Pietro Querini is the Venetian nobleman who in the early summer of 1431 in Chania, Crete embarks on a ship loaded with wine and spices, and a crew of 68. They are off to Flanders. Instead they end up shipwrecked at Røst in Lofoten, Northern Norway.
Near the English Channel they are overtaken by a storm and brought far out to sea west of Ireland. The worst part was yet to come, because the storm then breaks the rudder and tears up the sails. Captain Querini decides to leave his galleon, and orders his crew into the ship’s two lifeboats. The smallest lifeboat disappears quickly with men and mice, but the biggest with 47 men aboard drifts north with the Gulf Stream for three weeks and lands in the archipelago of Røst, at the edge of Lofoten. Querini writes 5th of January 1432 in his diary.
No more than 11 men are able to walk ashore, all exhausted by hunger and thirst. It is freezing cold.
They say it was here they disembarked, the Italians, on Sandøya. A memorial has been erected.
Querini and his shipwrecked crew are soon discovered by locals and taken care of. Throughout the winter they remain with the people of Røst and get to experience their daily life in a tough nature. Three months later, when the winter fisheries are over the Italians manage to secure places on a merchant vessel bound for Bergen. They jump off the ship in Trondheim, continue through Sweden on land, walk all across continental Europe before finally returning to Italy.
When the little children are born and have become four days old, they put them naked under the light opening they have opened, in order to let the snow fall on them. Throughout the winter from the 5th of February to 14th of May, as long as our stay lasted, it snowed almost continuously. Children who survived childhood, was so hardened and accustomed to the cold that they as adults cared little or nothing about it. (Excerpt from Querini’s report, my translation)
During the journey and stay in Røst, and later, Pietro Querini takes notes of his experiences, and in 1559 the account is published in Venice by Gio Battista Ramusio in “Navigationi e viaggi“. The story spreads to a wider audience with a German translation in 1613. In 1763, parts of this German text is translated and published in Norwegian by Gerhard Schøning in “De Trondhjemske Selskaps Skrifter“.
Then, in 1881 a new report is discovered in the Biblioteca Marciana in Venice. It is a copied story told by two men from Querini’s crew, Cristoforo Fioravante and Nicoloò de Michiel.
Storfjellet right and Trenyken farthest away. This was the vision Querini and his crew also faced, in 1432.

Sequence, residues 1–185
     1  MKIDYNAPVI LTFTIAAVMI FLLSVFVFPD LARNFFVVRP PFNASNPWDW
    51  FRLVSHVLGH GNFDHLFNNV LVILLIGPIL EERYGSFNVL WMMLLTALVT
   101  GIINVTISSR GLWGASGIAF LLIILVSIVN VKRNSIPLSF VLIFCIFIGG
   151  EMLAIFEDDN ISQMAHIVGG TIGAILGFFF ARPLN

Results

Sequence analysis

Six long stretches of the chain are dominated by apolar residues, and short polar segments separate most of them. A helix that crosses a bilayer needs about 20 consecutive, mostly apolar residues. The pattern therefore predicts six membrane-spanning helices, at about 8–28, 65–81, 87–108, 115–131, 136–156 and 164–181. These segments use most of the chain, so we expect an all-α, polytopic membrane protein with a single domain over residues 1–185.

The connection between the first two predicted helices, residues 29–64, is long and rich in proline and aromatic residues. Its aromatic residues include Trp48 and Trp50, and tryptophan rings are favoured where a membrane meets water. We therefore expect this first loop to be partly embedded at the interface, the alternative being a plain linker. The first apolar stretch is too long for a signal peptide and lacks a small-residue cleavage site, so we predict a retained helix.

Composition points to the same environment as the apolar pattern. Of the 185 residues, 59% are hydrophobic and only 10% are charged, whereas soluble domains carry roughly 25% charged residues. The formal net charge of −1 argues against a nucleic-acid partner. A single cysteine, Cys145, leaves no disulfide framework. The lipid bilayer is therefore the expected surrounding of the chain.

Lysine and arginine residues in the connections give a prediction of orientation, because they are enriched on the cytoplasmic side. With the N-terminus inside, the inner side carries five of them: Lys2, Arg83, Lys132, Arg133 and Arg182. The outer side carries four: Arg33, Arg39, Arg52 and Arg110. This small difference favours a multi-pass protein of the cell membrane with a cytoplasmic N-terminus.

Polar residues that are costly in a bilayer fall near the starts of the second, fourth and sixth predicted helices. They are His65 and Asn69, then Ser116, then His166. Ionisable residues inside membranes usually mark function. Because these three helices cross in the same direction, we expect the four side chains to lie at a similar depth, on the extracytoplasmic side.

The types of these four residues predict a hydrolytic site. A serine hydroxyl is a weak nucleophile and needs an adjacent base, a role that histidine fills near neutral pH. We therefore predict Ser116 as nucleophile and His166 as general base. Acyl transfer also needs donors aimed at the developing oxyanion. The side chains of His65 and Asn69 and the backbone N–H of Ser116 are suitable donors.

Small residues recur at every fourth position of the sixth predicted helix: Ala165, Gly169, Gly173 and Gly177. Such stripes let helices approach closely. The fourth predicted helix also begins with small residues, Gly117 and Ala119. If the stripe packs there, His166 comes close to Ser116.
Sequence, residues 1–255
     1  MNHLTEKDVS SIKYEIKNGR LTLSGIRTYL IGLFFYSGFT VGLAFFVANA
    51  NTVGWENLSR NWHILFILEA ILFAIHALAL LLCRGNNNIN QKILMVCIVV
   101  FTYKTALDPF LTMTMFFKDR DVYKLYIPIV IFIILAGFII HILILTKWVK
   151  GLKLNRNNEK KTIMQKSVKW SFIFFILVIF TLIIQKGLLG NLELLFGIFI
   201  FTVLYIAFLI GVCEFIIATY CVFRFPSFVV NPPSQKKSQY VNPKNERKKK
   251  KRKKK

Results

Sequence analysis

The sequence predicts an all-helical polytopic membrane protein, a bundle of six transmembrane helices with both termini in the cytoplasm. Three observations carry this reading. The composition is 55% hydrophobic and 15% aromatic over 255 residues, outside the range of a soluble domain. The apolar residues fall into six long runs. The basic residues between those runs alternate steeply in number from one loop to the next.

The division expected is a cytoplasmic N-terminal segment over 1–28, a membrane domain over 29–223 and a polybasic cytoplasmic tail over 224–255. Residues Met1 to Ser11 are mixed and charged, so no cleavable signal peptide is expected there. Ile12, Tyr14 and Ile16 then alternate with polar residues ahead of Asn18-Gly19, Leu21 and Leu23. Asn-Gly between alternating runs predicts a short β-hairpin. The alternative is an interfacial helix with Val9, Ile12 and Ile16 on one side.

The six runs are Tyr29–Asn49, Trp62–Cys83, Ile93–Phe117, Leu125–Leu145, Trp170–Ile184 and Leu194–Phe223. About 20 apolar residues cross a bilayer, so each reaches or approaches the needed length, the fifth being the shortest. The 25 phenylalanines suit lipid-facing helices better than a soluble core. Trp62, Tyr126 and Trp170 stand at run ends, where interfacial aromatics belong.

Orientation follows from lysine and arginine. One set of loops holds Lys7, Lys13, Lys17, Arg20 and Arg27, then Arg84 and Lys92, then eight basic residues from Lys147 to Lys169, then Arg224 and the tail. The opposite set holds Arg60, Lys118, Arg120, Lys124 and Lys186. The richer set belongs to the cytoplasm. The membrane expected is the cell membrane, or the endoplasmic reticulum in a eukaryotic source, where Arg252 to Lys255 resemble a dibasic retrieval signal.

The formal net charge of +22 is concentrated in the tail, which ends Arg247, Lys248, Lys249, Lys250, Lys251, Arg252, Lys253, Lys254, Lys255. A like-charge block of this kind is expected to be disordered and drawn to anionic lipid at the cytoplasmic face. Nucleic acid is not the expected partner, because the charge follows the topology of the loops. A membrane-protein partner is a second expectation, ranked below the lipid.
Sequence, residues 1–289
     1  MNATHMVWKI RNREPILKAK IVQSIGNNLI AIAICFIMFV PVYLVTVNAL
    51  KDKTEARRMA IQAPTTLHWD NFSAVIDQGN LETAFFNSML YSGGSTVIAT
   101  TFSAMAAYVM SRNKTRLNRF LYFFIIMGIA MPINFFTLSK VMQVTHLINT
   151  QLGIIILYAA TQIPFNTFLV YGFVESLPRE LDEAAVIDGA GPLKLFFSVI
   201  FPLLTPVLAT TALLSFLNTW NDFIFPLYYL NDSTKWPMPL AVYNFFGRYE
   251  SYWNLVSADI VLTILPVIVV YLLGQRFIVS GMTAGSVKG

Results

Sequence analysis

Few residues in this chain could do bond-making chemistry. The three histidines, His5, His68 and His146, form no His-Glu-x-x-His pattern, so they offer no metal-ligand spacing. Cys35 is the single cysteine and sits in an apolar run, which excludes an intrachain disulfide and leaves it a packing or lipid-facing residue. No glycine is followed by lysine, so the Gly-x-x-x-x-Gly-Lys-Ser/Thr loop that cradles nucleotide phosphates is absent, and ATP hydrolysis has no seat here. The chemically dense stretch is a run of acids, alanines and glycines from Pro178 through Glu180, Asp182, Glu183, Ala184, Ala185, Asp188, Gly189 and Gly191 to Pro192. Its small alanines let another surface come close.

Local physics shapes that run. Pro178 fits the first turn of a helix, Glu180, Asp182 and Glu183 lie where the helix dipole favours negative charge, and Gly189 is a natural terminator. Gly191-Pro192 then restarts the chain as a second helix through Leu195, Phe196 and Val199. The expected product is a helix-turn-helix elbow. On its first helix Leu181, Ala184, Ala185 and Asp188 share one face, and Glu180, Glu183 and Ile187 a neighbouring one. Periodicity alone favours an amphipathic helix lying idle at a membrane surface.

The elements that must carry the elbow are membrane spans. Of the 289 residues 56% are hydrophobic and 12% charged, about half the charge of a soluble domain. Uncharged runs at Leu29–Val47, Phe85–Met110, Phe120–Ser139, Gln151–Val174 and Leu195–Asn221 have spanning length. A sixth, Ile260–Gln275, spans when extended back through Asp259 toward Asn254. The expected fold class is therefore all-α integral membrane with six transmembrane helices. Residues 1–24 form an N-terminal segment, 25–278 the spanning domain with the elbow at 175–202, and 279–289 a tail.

Querini’s and the crew reports from the 1400s are later translated from Italian by Amund Sommerfeldt and published in Topografisk-historisk beskrivelse over Nordlands amt (Aschehoug, 1908) with Amund Helland as the principal author and editor.
We can truly say that we have from the 3rd of February to March 1432 been in Paradise’s first circle, to the shame and disgrace of Italy and its customs. Here it is the custom for women to go to the bath (sauna), and when they do, they leave their houses as naked as when they were born, and carry nothing on them at all. They have nothing in their hands but a twig of birch to use, not out of embarrassment; so natural and straightforward they live. Since we witnessed this a number of times, it became for us just as natural as for them. (Excerpt from the crew report, my translation)
In modern times Sommerfeldt’s translation was converted by Lars Næsheim into an eBook format. There are no licenses involved but is restricted to non-commercial purposes. Sandalsand adheres to that and retains the translation. Other formatting and this introductory text is adapted to this publication.
It is definitely an amazing story we get here. Not least the stories from everyday life among the locals are excellent sources of learning about how life was on the coast of northern Norway in ancient times. There are few other, if any, written sources from this period of time to base our history writing on.
They dry their fish (stockfish) in the wind and sun without salt, and as these fish do not contain high humidity or fat, they become dry as wood. Before cooking the fish, they hit them with an hammer thereby loosening the tendons; then they add butter and spices in order to impart flavour. It is a great and valuable export article from the North Seas. (Excerpt from Querini’s report, my translation)
Read the book (pdf) from Pietro Querini and his crew’s amazing journey. The book contains Sandalsand’s foreword and the reports from Querini himself and two of his crew. Unfortunately for most readers, the text is in Danish/Norwegian. I have not yet come across a translation into English. In 2007 the original texts were translated into modern Italian and published in the book called “Il Naufragio della Querina“.
Røst of today, almost 600 years later, is of a completely different character. Still, life on the islands in this archipelago is still reliant on fishing, they still produce stockfish for export, arctic birds still nest in the bird cliffs on the outer islands, the scenery is the same and so is the exposed location in the cold, sometimes very inhospitable weather conditions. Arriving here, I was able to spend a few days under the midnight sun discovering what the islands have to offer now. Read the articles from Sandalsand’s visit to Røstlandet and to the seabird colonies of Røst.
This article first appeared in Norwegian on “Sandalsand på norsk”.